Wednesday, January 11, 2012

Don’t Forget the Bow

Christine Hemp, writer, poet and teacher, wrote a letter titled,Don’t Forget the Bow,in response to the Sunday Science Times article, “In Classic vs. Modern Violins, Beauty Is in Ear of the Beholder” (Jan. 3) where she reminds us of the importance of the bow in affecting the tone and playability of any instrument:

To the Editor:

“In Classic vs. Modern Violins, Beauty Is in Ear of the Beholder” (Jan. 3) fails to mention another crucial component in choosing an antique or a contemporary instrument: the bow. As the wife of a contemporary bow maker, I hear a lot about players’ connection to their fiddles, but I also marvel at the almost totemic power string players ascribe to their bows. Once a musician finds the magic wand (old or new) that woos the best sound out of that fiddle, it’s a match made in heaven. The bow gives each instrument — Strad or Zygmuntowicz — its true voice.
Christine Hemp

Friday, August 19, 2011

Lucy Le Shop Cat

Paul Siefried at the bench...

Tubbs Cello Bow Restoration, By Ole Kanestrom

This bow, by the English maker Tubbs, was in need of extensive restoration. The frog had a marginal cheval which I replaced with wood that more closely matched the original ebony. The stick also had an ugly fill repair which was removed, cleaned and restored. The head, missing it's original tip plate, now sports a new/antiqued silver tip plate.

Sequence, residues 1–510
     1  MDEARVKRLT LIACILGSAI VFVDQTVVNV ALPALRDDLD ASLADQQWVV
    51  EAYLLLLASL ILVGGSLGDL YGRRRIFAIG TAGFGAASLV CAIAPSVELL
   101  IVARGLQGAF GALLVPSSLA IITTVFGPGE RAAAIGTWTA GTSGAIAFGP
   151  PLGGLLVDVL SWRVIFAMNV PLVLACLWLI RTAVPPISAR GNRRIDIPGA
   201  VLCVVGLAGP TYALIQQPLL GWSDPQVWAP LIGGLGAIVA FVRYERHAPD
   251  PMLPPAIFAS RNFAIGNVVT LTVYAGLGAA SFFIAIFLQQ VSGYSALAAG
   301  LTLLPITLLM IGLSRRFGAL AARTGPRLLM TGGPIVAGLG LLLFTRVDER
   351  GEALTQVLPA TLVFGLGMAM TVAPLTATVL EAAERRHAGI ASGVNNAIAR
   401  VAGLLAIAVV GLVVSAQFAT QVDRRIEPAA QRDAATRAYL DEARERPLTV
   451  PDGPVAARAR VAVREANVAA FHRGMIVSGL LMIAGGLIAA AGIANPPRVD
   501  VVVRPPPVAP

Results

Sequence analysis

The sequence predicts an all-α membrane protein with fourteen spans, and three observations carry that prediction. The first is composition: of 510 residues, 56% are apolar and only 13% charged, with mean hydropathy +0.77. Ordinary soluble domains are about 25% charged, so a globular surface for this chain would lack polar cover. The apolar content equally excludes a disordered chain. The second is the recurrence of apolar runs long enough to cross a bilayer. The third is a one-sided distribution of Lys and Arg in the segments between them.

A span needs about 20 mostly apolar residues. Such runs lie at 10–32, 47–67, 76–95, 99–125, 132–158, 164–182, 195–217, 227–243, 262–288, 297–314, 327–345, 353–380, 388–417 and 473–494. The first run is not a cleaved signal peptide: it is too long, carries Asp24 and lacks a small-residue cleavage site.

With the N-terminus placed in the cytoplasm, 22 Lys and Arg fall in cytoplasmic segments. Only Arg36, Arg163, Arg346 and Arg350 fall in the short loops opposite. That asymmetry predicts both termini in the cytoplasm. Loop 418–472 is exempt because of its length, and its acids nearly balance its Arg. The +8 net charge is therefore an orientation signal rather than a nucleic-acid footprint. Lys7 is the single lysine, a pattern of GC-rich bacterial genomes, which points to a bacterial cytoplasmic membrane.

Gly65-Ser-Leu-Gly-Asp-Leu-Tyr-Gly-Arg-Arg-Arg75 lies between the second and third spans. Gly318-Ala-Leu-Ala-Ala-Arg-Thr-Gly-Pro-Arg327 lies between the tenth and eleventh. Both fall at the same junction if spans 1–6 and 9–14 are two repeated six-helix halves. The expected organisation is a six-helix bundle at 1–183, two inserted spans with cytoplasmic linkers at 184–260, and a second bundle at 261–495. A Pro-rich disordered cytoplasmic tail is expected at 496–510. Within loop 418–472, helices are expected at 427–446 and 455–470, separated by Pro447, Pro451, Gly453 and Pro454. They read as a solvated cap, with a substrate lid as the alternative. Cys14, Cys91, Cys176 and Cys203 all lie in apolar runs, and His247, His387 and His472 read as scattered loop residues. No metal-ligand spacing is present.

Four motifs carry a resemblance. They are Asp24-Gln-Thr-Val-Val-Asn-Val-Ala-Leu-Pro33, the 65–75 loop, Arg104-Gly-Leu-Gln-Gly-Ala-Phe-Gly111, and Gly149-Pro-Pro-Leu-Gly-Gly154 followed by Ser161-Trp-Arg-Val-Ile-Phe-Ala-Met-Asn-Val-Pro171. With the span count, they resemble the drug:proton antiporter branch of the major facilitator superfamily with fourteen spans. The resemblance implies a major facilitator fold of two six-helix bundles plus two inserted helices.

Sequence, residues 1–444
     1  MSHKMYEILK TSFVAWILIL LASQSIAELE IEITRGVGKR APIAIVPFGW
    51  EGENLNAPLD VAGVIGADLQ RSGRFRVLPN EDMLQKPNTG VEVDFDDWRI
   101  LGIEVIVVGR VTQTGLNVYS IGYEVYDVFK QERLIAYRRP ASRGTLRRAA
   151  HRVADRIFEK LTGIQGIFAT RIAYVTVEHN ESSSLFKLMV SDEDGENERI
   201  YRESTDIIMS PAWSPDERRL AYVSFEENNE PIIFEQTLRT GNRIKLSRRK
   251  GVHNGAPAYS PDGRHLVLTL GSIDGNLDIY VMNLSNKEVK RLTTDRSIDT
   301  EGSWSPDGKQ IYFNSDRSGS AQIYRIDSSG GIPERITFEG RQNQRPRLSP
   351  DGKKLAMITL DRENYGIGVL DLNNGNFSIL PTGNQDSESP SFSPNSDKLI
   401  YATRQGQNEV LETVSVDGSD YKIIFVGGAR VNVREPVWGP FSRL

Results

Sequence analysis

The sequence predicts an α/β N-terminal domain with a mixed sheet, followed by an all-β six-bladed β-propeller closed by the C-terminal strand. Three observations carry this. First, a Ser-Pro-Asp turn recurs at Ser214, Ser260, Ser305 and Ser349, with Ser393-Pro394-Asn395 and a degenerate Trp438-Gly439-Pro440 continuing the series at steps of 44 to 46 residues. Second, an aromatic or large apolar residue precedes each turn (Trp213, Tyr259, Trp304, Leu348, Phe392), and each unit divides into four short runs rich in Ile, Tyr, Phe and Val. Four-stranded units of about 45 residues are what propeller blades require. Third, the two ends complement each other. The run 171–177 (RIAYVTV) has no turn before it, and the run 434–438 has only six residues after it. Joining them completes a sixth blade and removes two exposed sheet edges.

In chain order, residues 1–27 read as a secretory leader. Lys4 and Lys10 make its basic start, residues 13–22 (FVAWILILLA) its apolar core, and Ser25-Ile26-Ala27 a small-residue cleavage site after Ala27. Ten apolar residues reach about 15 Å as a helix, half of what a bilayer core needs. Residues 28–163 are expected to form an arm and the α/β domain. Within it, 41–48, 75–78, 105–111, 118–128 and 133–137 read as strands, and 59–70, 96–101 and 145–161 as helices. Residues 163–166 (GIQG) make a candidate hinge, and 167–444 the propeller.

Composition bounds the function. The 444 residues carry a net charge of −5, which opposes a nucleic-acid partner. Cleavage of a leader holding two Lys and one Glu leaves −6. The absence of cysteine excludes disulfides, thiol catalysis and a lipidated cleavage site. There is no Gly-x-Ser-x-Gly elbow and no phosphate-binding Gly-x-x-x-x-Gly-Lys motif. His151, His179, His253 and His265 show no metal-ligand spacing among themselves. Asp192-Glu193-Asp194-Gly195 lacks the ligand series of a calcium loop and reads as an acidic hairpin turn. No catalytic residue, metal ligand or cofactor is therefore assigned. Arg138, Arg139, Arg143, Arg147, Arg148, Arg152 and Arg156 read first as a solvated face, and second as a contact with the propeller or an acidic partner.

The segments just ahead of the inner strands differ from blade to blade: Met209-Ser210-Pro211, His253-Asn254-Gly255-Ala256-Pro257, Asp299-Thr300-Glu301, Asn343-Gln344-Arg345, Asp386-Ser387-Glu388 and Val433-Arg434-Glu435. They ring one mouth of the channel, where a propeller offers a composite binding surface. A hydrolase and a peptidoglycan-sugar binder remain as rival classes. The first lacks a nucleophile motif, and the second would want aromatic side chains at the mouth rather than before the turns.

The bow, in it's newly restored condition, has it's dignity returned.

Guinot Nickel Slide Copy, By Ole Kanestrom

The French bowmaker, Guinot, who inspired by Etienne Pajeot, sometimes had an interesting way of making his ferrules and slides. They were combined into a one piece unit, complete with a stripy mother of pearl and ebony inlay. This frog was missing it's original so I made a copy from Nickel Silver.

Thursday, November 18, 2010

Tip Plate Repair, by Ole Kanestrom

The broken ivory tip and ebony liner.

...and repaired. The original ivory was removed in this instance, and replaced with a 1 piece mastodon ivory head plate. The original character intact and head unaltered.

Tortoise Shell Restoration, by Ole Kanestrom

Bow Bugs (anthrenus museorum), most likely gorged on this once beautiful tortoise shell frog, leaving the surface pitted and permanently marred. Ole restored it close to it's original glory using a proprietary procedure developed here at our shop. It now looks like new again.